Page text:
Pia Cayetano dismayed by whistling but backs Duterte
“I support the President but I don’t agree with the whistling.”
Thus said Sen. Pia Cayetano, one of the staunch allies of President-elect Rodrigo Duterte, who continues to support him although she disagrees with his wolf-whistling a female broadcast reporter during a press conference late Tuesday.
Cayetano, whose brother Sen. Alan Peter Cayetano was Duterte’s running mate in the 2016 elections, made her sentiments known on Twitter after being repeatedly asked whether she was still supporting Duterte.
Duterte sparked yet another controversy after he whistled at GMA 7 reporter Mariz Umali while she was asking him a question during a press conference. He later defended his action by saying that there was nothing sexual about his move.
Cayetano, who fashions herself as an advocate of women’s rights, said that she did not condone catcalling.
In her tweets, the senator addressed those persistently asking her about Duterte, saying she could not answer for him.
She stressed that she was not his spokesperson, and that he freely answered questions in his press conferences.
Asked by a Twitter user if she would reprimand him for his actions, she said she would talk to him personally if she had something to say.
“What I say to the President, I will tell him personally, not on Twitter,” said Cayetano.
Cayetano will transfer to the Lower House next month after winning a seat as representative of Taguig City, replacing her brother, Rep. Lino Cayetano.
In a late night press conference on Thursday, Duterte defended his wolf-whistling the GMA 7 reporter by saying that there was nothing sexual about his move.
Seemingly justifying his action, he said he was “exasperated” by her question.
Umali’s husband, GMA 7 reporter Raffy Tima, said in a post on his Facebook page that Duterte’s whistling at his wife was “wrong [on] so many levels.”
‘Knowing proper behavior’
Two sitting senators yesterday gave Duterte the benefit of the doubt although many see Duterte’s unprecedented antics as an unpresidential behavior.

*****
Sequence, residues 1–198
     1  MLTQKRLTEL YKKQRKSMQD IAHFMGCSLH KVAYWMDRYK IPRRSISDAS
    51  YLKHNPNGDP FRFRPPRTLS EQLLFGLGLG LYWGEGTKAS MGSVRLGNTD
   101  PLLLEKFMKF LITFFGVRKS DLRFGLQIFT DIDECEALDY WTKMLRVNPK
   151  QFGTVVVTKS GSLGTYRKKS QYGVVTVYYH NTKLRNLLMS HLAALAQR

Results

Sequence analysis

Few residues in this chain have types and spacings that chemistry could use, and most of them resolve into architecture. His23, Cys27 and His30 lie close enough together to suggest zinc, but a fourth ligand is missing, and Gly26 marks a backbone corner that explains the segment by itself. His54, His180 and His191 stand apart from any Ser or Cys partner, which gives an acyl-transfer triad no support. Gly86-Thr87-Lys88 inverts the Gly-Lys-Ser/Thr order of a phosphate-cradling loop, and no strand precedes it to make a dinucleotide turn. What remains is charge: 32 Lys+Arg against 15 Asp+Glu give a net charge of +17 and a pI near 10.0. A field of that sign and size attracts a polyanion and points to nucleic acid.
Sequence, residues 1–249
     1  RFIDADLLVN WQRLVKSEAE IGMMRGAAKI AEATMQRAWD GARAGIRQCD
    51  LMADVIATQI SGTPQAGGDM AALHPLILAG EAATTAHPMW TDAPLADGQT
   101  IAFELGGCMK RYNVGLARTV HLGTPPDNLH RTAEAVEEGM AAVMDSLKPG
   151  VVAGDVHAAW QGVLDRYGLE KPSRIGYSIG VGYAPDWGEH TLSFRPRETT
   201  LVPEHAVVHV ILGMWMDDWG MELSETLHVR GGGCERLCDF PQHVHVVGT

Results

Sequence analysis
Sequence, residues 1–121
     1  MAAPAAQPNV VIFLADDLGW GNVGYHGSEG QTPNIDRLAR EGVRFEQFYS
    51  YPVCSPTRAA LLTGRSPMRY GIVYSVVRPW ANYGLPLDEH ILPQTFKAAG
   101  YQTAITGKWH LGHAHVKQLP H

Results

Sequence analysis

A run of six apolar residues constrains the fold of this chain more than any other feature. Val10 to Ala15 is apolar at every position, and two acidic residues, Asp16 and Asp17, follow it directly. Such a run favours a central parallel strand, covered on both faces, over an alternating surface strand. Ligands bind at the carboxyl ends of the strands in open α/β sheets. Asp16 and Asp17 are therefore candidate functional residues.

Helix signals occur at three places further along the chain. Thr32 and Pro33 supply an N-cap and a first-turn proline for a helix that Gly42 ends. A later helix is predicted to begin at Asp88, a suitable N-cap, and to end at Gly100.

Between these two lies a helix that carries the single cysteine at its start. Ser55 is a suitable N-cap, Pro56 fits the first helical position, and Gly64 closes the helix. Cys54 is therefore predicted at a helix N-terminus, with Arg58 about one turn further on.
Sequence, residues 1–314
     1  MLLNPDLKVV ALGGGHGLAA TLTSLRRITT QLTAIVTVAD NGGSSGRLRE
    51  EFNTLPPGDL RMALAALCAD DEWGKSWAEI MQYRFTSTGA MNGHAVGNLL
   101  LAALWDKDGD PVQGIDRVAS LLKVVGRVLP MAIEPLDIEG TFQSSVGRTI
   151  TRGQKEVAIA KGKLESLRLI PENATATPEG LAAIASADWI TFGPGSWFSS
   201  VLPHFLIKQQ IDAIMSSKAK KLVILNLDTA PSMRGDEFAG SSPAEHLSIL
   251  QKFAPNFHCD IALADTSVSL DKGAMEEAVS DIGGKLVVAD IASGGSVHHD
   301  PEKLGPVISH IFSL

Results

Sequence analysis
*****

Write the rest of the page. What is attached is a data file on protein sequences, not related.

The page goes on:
According to Sen. Sonny Angara, the President-elect knows well enough that he has to act differently when he officially assumes office and could be expected to change on June 30.
“He is highly intelligent and educated person and as such would know the proper behavior expected of a President,” Angara said, when asked about the controversies generated by the incoming Chief Executive’s statements.
Asked about his views on Duterte’s scathing remarks about the media and even the United Nations, Angara said Duterte was still in a transition period and would like to enjoy his last few days as Davao City mayor.
Duterte had criticized the United Nations, which he said should not meddle with him as it could not even solve the problems of other conflict-torn countries.
Angara said that based on Duterte’s own words, the mayor himself knew that he had to alter his actions.
“His pronouncements at [Thursday] night’s press conference about presenting a different persona beginning June 30, when his term as President begins, indicate that he is aware that he can no longer act in quite the same way,” he said in a text message.
Angara also believed that Duterte’s attitude to the media could change.
“He will sooner or later realize that he is better off with media as his ally rather than an adversary,” he said.
‘Getting to know’
Sen. Vicente Sotto III said that “current events” were part of the “getting to know each other stage.”
“I will reserve my opinion after June 30, when everything is official,” Sotto said.
Duterte has received flak for saying that the killing of journalists was justified if they were corrupt.
The remarks sparked fears that more members of the media would be killed in the Philippines, which is already one of the most dangerous places for journalists.
An online and mobile poll conducted by the Inquirer on Friday showed that majority of the respondents were turned off by the profanity-laced answers of Duterte.
The Inquirer posed this question to its followers on social and mobile networks Facebook, Twitter and Viber: “President-elect Duterte has been using profanity quite freely. Is this a matter of concern for you?”
“Yes, it’s unpresidential,” was the choice of 62 percent of the 1,395 Twitter users who voted in the poll on the Inquirer verified account, @inquirerdotnet. It was also the leading choice on the Inquirer’s Viber Public Chat (inq.news/viber)
However, “no, he’s being himself,” was the leading choice on the Facebook version of the poll at 42 percent of the 3,333 Facebook users who voted. The poll was carried on the Inquirer’s verified page, facebook.com/inquirerdotnet.
The poll was still running as of 4:50 p.m. yesterday. With a report from Inquirer.net
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